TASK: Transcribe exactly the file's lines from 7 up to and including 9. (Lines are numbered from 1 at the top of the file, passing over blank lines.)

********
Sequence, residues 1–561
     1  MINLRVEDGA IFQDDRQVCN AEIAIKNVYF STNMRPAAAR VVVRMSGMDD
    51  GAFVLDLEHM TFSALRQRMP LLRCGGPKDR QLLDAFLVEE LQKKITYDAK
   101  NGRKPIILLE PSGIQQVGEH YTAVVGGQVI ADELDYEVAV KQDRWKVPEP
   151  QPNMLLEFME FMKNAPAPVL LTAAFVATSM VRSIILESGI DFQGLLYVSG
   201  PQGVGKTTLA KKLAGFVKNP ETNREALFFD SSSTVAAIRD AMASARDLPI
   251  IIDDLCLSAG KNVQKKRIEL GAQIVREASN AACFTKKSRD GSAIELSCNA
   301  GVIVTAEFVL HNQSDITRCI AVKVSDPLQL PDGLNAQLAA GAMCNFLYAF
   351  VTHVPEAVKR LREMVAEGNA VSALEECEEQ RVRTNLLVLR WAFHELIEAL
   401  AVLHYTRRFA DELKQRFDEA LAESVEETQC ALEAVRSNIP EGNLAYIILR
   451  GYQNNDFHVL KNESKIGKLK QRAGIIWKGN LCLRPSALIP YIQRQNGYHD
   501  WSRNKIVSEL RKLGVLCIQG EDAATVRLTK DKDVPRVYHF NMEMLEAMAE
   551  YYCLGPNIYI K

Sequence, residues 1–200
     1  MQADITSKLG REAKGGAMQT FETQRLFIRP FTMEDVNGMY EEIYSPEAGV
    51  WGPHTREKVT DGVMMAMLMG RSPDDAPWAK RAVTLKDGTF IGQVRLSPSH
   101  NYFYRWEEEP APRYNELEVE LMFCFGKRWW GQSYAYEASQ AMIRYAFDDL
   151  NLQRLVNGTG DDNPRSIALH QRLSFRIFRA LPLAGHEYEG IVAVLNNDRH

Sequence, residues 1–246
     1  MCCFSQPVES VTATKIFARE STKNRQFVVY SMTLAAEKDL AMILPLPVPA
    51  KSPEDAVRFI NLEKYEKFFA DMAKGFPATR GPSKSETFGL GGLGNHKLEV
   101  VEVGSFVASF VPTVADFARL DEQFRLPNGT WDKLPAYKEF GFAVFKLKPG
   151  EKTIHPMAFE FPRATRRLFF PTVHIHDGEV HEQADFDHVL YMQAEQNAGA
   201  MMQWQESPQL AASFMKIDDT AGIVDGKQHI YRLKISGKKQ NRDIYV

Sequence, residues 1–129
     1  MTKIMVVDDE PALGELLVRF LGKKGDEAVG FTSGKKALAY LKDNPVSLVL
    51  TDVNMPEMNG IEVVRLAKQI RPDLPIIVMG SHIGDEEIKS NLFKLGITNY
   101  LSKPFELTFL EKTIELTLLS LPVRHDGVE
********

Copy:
   251  IIDDLCLSAG KNVQKKRIEL GAQIVREASN AACFTKKSRD GSAIELSCNA
   301  GVIVTAEFVL HNQSDITRCI AVKVSDPLQL PDGLNAQLAA GAMCNFLYAF
   351  VTHVPEAVKR LREMVAEGNA VSALEECEEQ RVRTNLLVLR WAFHELIEAL